Clemson Looks to Reverse Its Bad Fortune

Posted by Matt Auerbach on December 19th, 2017

This article was supposed to be written a year ago. With the non-conference season winding to a close and the usual suspects proving themselves to be heavyweights, Clemson had the look of a squad ready to pose a viable threat to the conference elite. Except things did not go according to plan. Even with a preseason all-conference selection in Jaron Blossomgame and an 11-2 start heading into the new year, the Tigers proceeded to lose their next six games en route to a 6-12 ACC finish. As RTC’s Brad Jenkins has explained, many of those defeats came in excruciatingly close fashion — 12 of Clemson’s 16 losses a year ago came by fewer than six points. The biggest problem with that team was that there really wasn’t a big problem — Clemson was just exceedingly unlucky in close games, finishing 315th in KenPom’s luck metric.

Is Clemson Finally For Real This Season? (USA Today Images)

While bad luck certainly is attributable to last year’s failings, it’s not unprecedented for the head coach to take the fall in a season where expectations were elevated in both the preseason and heading into conference play. However, much to the surprise of many, Clemson opted to retain Brad Brownell for an eighth and presumably final chance to drag the program into fringe Top 25 and consistent NCAA participant territory. To this point in the season, things looks promising, but the Tigers have certainly been here before.

Heading into tonight’s game with intrastate rival South Carolina at 9-1 and coming off an impressive comeback win over a puzzling but talented Florida team, Clemson has the appearance of a team that can break its way into the upper echelon of the ACC a year later than expected. All five of Clemson’s starters are averaging double figures (accounting for a staggering 83 percent of the team’s scoring), and the balance among that quintet is worth noting. Junior defensive stalwart Elijah Thomas (eighth nationally in defensive rebounding percentage/58th in block percentage) is the leader in usage at just under 24 percent, while the leader in minutes played, Gabe DeVoe, ranks lowest of the starters in terms of usage at 18 percent. Coming back from a disappointing junior campaign, Donte Grantham’s production this season is more commensurate with his physical abilities. The senior forward ranks 15th nationally in effective field goal percentage and 16th in true shooting, highlighted by a blistering 78 percent clip from two-point range. Juniors Marcquise Reed and Shelton Mitchell rank second and third, respectively, on the team in scoring, while Mitchell leads the team in assists at 4.7 helpers a game (169th nationally in assist rate).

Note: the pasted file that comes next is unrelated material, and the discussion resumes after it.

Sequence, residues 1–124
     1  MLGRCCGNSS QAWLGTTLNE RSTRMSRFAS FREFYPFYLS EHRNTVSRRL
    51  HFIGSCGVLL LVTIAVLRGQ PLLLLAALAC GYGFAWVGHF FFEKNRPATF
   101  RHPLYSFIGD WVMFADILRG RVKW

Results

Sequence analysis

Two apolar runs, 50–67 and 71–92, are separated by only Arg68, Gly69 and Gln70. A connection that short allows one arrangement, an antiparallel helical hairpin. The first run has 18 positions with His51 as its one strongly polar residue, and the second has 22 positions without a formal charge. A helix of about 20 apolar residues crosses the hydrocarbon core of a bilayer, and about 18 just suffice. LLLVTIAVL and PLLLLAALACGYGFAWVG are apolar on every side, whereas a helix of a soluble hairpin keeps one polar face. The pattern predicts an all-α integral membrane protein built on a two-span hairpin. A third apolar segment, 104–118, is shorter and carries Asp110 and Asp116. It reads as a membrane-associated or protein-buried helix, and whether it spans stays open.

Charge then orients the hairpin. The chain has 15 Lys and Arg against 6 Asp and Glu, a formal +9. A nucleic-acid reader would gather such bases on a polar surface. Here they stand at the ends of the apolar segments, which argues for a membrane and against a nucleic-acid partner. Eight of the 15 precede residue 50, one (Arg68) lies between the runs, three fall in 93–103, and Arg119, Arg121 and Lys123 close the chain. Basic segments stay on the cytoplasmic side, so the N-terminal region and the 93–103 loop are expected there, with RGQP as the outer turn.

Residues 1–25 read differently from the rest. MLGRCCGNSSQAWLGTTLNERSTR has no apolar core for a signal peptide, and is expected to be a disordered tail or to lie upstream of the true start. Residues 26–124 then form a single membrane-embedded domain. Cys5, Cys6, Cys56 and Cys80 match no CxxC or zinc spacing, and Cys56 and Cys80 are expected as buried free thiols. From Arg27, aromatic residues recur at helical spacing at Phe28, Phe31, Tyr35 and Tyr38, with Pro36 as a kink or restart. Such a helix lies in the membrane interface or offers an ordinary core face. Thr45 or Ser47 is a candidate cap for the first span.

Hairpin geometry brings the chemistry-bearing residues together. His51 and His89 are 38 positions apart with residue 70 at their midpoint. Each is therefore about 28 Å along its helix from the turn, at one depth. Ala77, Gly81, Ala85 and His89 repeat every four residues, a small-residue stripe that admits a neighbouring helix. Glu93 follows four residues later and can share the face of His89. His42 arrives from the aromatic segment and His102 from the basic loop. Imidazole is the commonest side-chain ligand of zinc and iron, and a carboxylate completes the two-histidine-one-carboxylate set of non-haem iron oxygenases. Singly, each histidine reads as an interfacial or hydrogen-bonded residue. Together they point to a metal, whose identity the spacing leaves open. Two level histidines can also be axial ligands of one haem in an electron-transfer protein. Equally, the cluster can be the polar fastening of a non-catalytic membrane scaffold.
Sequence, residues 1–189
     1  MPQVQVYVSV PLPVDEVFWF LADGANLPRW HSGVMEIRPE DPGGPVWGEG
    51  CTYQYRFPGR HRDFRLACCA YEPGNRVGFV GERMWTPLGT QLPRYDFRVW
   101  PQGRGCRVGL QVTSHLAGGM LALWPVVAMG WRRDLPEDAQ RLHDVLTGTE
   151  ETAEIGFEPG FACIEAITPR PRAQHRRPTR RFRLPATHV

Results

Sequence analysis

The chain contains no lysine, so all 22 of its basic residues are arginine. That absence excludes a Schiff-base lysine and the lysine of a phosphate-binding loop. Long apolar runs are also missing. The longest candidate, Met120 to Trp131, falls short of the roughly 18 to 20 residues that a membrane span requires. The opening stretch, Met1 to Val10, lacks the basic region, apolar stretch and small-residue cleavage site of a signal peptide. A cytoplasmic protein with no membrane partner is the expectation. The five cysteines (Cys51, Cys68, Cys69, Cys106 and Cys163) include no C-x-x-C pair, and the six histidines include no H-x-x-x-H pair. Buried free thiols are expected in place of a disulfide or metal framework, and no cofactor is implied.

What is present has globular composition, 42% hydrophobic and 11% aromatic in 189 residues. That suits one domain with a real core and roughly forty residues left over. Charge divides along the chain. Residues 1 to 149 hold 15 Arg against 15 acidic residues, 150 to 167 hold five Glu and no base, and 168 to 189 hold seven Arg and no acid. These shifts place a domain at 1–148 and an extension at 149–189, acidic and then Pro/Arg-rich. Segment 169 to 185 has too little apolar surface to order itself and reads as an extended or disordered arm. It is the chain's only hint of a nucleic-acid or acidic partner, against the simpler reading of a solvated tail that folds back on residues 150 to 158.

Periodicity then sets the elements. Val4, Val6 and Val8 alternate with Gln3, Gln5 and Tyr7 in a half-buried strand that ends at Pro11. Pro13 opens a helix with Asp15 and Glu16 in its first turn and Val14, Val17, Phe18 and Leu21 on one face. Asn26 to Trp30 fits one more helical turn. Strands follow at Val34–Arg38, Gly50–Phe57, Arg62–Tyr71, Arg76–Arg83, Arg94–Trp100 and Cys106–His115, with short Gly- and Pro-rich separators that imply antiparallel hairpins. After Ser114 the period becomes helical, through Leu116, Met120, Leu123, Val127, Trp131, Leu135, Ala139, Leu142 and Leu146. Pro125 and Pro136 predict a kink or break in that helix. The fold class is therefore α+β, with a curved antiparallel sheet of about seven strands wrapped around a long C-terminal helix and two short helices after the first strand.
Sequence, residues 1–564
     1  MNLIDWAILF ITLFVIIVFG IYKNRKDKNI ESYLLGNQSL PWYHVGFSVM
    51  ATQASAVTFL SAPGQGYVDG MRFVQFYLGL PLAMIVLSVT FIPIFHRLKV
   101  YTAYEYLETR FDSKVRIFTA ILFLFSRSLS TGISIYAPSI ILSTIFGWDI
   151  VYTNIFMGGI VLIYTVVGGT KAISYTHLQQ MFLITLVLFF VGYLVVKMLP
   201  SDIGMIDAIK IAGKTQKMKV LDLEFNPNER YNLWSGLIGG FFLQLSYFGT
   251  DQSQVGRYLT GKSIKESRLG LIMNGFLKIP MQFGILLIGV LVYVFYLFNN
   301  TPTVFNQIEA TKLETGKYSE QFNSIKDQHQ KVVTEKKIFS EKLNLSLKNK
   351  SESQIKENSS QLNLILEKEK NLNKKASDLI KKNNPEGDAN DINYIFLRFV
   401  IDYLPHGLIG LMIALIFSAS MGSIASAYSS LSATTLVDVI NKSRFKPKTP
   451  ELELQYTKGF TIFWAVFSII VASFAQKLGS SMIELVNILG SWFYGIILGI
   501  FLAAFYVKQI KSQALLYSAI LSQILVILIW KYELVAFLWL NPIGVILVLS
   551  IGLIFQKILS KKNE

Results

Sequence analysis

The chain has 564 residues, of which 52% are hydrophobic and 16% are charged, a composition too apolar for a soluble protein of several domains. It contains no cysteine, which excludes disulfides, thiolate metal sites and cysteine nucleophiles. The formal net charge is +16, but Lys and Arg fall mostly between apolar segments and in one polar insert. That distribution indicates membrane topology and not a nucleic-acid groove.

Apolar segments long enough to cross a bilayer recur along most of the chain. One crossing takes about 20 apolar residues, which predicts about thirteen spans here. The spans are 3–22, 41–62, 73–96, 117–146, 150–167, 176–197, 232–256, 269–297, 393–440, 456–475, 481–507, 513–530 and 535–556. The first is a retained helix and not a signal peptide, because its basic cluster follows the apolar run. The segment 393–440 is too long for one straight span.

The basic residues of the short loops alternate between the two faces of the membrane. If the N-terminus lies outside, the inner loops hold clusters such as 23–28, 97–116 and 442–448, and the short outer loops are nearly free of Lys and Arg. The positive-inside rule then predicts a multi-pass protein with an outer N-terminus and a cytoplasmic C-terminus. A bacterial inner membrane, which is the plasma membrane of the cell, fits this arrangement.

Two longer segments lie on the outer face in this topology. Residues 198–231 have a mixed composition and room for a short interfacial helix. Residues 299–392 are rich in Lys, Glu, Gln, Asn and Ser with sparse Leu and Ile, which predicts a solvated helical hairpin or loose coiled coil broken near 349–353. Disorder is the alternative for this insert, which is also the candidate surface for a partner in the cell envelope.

All of this sounds nice, but this is still Clemson — why should we get excited? Last Saturday’s victory over the Gators is a big reason why. The Tigers led for only 80 seconds of the 71-69 win, but two things became quite obvious as the game played out. First, the perceived talent gap between the two teams is marginal at best, particularly in terms of their top five players. Secondly, Clemson seems well aware of the narrative that defined the team a season ago. Grinding out a tough victory over a team that needed a win points to lessons learned through last year’s hardship.

South Carolina provides the Tigers with their last real challenge before ACC play tips off on December 30. The Gamecocks should also provide inspiration. Nobody alive a year ago this week (other than perhaps Frank Martin) thought South Carolina would be in the 2017 Final Four. Clemson isn’t on anyone’s radar just yet, but the pieces are here. With a flip of some fortune, there’s no reason to believe Brownell’s team cannot make a run in the ACC along with an equally impressive one in March.

Matthew Auerbach (70 Posts)

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